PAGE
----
The Five: Things that caught the eye at the PGA Championship
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Written by Kevin Prise @PGATOURKevin
ROCHESTER, N.Y. – As a western New York native covering a major championship in western New York, it is an honor to pinch-hit for Paul Hodowanic in this week’s edition of The Five.
The golf world has descended for this week’s PGA Championship at Oak Hill Country Club, continuing a decades-long tradition of major events at the Donald Ross-designed East Course, dating back to the 1949 U.S. Amateur. Lee Trevino won the first of 29 TOUR titles here at the 1968 U.S. Open; Jack Nicklaus won his final of five Wanamaker Trophies here in 1980.
The Oak Hill membership relishes the club’s history with premier golf events, as does the region.
If the early-week fervor is any indication, the western New York crowds are ready to bring the energy. Despite temperatures in the low 40s early Wednesday morning, crowds were five to 10 deep in spots around the back nine and practice areas.
The Josh Allen-led Buffalo Bills have made the playoffs in four consecutive seasons; Allen is a member at Oak Hill who has inspired TOUR pro Keith Mitchell to adopt Bills fandom. Bills shirts and beanies are prominent among the gallery, as are Rochester Americans jerseys – the American Hockey League squad is in a playoff run, with a home game Wednesday.
It's a good time to be a western New Yorker, so here are five things that have caught my eye on the eve of the PGA Championship.
Nature and nurture
I am constantly struck by sight lines that extend across multiple holes. As a fan, I attended the 2008 Senior PGA Championship here and one of my defining memories is the sound of balls pinging off trees. The field seemingly spent the week punching out from trees; the cut line was 12-over, and Jay Haas won at 7-over.
The course is set to play plenty difficult this week – firm and fast, with thick rough – but that acoustic intersection of ball-on-bark will take a back seat. Andrew Green oversaw a recent restoration that involved the removal of several trees from the property. (“How many? The right number,” Green told The Fried Egg podcast.)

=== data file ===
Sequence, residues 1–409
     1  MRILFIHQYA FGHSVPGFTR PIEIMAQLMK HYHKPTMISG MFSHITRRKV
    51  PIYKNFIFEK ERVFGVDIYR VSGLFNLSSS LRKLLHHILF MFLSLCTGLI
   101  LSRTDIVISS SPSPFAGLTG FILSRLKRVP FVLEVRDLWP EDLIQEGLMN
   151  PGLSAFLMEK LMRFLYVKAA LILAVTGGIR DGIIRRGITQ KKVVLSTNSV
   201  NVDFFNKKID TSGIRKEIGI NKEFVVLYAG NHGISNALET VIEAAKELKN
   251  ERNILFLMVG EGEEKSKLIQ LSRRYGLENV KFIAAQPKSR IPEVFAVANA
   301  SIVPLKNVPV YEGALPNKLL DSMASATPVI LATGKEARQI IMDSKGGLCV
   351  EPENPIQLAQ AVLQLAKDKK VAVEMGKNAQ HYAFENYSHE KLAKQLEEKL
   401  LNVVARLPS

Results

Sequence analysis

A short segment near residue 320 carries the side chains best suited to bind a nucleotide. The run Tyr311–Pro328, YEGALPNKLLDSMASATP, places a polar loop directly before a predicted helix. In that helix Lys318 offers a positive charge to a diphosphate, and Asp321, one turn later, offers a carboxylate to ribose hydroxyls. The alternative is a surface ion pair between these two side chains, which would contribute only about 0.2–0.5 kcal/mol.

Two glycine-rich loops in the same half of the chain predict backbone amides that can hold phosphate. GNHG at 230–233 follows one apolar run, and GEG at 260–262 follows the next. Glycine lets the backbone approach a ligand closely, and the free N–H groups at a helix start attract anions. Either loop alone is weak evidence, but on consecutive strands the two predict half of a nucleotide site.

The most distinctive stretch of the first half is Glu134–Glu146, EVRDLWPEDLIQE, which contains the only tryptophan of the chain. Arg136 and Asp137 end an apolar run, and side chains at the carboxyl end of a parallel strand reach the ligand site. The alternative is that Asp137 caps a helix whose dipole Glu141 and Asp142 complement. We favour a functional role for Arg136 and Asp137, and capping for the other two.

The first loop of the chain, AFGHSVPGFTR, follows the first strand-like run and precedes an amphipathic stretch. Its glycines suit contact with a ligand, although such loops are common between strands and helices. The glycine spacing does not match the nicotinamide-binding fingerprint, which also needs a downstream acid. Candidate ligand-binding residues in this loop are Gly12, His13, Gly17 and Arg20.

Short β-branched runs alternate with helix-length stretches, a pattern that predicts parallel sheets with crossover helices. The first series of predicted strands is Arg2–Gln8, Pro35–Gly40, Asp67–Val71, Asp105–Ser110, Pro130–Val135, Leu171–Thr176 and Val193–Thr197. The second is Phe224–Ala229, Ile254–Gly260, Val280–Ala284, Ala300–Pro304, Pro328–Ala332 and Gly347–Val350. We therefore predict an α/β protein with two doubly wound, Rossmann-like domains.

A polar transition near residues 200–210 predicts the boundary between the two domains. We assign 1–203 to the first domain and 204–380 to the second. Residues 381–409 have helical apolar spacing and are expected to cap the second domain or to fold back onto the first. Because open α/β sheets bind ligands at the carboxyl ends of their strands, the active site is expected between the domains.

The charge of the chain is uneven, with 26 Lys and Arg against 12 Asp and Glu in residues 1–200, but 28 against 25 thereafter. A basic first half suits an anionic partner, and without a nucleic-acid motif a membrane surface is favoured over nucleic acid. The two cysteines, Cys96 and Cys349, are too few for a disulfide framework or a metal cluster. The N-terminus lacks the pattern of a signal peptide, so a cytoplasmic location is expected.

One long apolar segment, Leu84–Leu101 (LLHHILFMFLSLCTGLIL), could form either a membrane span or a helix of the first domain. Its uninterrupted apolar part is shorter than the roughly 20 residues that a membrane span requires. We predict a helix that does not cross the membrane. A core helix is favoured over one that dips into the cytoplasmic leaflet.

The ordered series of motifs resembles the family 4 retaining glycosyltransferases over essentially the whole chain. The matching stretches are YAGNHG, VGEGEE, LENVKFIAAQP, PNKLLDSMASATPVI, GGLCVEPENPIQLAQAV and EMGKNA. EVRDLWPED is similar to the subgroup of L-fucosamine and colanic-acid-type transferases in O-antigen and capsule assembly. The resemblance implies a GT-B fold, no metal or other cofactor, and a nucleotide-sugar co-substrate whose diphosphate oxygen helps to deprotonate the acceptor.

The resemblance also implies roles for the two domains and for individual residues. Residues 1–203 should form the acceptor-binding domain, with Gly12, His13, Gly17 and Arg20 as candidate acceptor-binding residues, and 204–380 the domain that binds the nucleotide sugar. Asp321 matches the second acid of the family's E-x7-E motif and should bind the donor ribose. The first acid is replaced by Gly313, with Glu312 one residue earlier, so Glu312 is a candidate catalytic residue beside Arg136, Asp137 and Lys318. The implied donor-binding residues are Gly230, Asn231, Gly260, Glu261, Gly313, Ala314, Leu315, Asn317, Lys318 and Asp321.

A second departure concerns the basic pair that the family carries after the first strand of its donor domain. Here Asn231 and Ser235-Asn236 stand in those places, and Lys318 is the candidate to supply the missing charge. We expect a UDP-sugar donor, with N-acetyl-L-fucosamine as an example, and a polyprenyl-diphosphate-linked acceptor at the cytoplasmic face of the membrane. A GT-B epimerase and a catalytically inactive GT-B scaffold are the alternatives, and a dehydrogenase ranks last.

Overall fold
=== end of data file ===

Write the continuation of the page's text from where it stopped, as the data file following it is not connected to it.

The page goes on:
Revered Oak Hill member Dr. John R. Williams planted thousands of trees in the club’s early years, soliciting acorns from around the world. The trees began their lives in coffee cans in Williams’ backyard before being transferred to Oak Hill. As the years have passed, certain trees began to grow into each other, and overhanging branches started to impose on the intended ethos. Oak is still very much a central part of Oak Hill, just to a lighter extent than in past years.
One other arbor-related factoid that struck me; I had the privilege of spending time with club historian Fred Beltz, who regaled me with the tale of the origins of the club’s grass. The Oak Hill membership assumed its current site in a land swap with the University of Rochester in the early 1920s, inheriting “burnt-out farmland.” The groundskeeper knew of a place to gather some better grass to utilize in developing the course layout. The source? Leftover grass from the 1901 Pan-American Exposition (the World’s Fair of the day) in nearby Buffalo.
A worldly flair for this week’s worldly field.
Day rests and savors the journey